Reflecting on market trends, Bink says people today generally prefer smoother coffee that isn't too bitter, but he is sceptical about the fad for filter and siphon coffee.
"What we have in New Zealand is a culture of medium-roast espresso coffee. We do beautiful flat whites and amazing lattes. We sell 300 flat whites a day here, versus 10 filter coffees."
It hasn't all been plain sailing for this talented 27-year-old, who admits he's had to overcome a few demons to achieve his dream.
After learning the ropes in Wanaka, he went straight to Wellington. At 18, he landed on his feet at Mojo Coffee, immersing himself in a whole new world of coffee roasting, flavours and origins, before moving on to smaller-scale roaster Peoples Coffee.
Life started to come unstuck several years later at the award-winning Memphis Belle. His first foray into cafe ownership ended on a sour note, with the venture descending into debt, worsened by Bink's heavy drinking at that time.
"People used to call me the King of Cuba Street. It was a massive social scene and I thought I was invincible."
Today, Bink's a different man. Sober for a start, but also older and a good deal wiser. Christchurch has provided a fresh start.
"Everything is black and white. The button-up man on our logo is our way of saying 'everything is clean and square'."
His brother, Luke, is on board as a director (and head roaster), along with former All Black captain Reuben Thorne (who Bink met through the Angel Investment Network).
"Reuben is very experienced, calm and grounded, and I am also very grateful that he taught me how to pay tax," Bink says.
Both Bink and Luke have recently become fathers – yet another incentive to keep a steady hand on the tiller.
It seems the knocks have only made Bink stronger.
"You often find that the people who have failed in the past are the ones who end up doing really well in business. Failure is such a hard thing, but you learn so much from it."
I leave with a flat white in hand, and a very smooth cup it is, too.
ON A GELATO ROLL
Savouring the sweet taste of business success at just 19 years of age, Jed Joyce must surely qualify as one of the city's youngest rising stars of the hospitality scene.
From a modest start in 2013, selling gelato part-time from a cart at the end of New Regent St, Jed graduated to permanent premises in the same street with the opening of the Rollickin Dessert Cafe in November 2016.
The original cart still operates at the Margaret Mahy Family Playground and a second cart covers weddings and other special events. In early September, Rollickin is due to notch up another level with additional premises at the Boys' High building in the Arts Centre, offering a sweet cabinet, gelato and coffee. This summer, at the height of the season, Jed will likely be employing about 25 full-time and casual staff.
It looks like an easy and natural progression from the outside, but, as Jed observes, it has taken more than three years to crank the business along to this point.
"In this time, I've focused hard at growing Rollickin, learning and jumping at any opportunity to see if they work."
Having self-employed parents undoubtedly provided a good grounding for Jed, who recalls growing up in a 24/7 business environment. His mother, Tania Smith, is creatively geared and works in advertising, while his father, Paul Joyce, is part-owner of Mother Mary Construction.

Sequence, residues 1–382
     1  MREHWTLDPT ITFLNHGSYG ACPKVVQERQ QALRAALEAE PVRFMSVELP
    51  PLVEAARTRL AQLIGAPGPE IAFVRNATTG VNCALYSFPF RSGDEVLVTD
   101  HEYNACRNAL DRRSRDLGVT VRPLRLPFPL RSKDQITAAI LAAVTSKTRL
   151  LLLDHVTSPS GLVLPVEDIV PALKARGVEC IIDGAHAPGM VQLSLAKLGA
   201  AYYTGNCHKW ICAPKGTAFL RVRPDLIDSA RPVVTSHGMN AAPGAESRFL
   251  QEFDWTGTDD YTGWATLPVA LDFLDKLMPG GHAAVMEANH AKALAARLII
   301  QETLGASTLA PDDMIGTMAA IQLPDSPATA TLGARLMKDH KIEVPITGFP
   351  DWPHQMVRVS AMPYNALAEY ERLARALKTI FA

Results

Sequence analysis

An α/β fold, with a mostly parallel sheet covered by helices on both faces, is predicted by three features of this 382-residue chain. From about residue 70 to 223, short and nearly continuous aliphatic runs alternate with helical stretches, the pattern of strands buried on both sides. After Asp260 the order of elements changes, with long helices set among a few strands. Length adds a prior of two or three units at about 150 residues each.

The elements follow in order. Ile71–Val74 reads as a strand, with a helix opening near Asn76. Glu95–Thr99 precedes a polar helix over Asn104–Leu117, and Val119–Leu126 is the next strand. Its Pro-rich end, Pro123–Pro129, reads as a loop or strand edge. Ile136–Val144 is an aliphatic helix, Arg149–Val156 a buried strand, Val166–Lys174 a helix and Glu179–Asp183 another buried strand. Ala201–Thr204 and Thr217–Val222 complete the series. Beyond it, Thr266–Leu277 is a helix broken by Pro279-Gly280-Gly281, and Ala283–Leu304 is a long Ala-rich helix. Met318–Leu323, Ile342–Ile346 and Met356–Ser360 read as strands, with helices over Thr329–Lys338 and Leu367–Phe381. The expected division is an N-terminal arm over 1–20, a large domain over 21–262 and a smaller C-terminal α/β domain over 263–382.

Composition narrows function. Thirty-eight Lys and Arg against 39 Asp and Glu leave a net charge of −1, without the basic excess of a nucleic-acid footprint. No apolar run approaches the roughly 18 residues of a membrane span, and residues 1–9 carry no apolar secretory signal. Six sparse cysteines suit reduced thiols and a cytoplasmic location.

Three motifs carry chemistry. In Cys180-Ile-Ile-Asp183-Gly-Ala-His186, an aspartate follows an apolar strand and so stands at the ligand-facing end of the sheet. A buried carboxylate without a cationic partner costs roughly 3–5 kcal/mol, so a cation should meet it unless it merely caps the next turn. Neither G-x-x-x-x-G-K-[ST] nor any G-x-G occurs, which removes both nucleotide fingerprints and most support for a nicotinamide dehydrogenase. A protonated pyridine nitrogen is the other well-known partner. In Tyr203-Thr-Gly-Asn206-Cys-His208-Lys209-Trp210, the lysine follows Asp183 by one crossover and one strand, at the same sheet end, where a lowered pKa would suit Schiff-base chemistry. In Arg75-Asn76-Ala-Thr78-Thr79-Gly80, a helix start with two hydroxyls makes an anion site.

Yet, the original impetus for setting up the cart was not a desire to launch a business career, but to raise money for a school trip to Vietnam through World Challenge.
"I did go on the trip; it was for four weeks and the group of us who went [from St Bede's College] had to plan everything ourselves."
Jed settled on a gelato cart as his fundraising vehicle, having had a summer job at the Berry Shop in Sawyers Arms Rd, selling fresh and frozen berries, along with sundaes and icecreams.
"I thought I could give something like that a go."
He persuaded a horse-float builder to put a cart together, found an award-winning gelato supplier in Wellington – Gelissimo – and off he went. So successful was the cart that, after his return from Vietnam, Jed decided to keep it going as a summer holiday job and then as a way of earning money after school. While classmates planned university studies, Jed knew he had a business scoop to manage.
As demand began to outstrip what Gelissimo could supply, the move to permanent premises – with capacity to make gelato in-house – became inevitable.
"I'm lucky to have been mentored by the owner of Gelissimo, Graham Joe, who has been really supportive in helping us to nail recipes. A supplier of the Italian ingredients also came over from Australia to help us.
"We're still learning and improving; it's a work in progress."
It is no surprise to learn the most popular Rollickin flavour is chocolate, closely followed by salted caramel.
"We have 10 set flavours and two new ones that we rotate all the time. We love trying out crazy new flavour ideas."
The creative gelato-making team is led by Jed's girlfriend, Sorayya Sabbaghi.
Finding his feet in business has had its challenges – not least being the tough job of convincing building owners to give a teenager a lease – but it helps that Jed is an astute learner with a keen eye for a bargain.
"Just about everything in here is secondhand," he says during our interview at the Rollickin Dessert Cafe. "That includes furniture and the equipment we use to make the gelato. I often go to auctions or the EcoShop in search of a bargain."
To keep the business humming in the off-season, Rollickin's New Regent St options include winter warmers such as mug cakes topped with gelato. In time, Jed plans to set up a proper dessert menu with a range of hot offerings.
"I don't know where I'll be in five or 10 years' time, but as long as I'm enjoying it, I will continue to grow this business and be a part of Christchurch."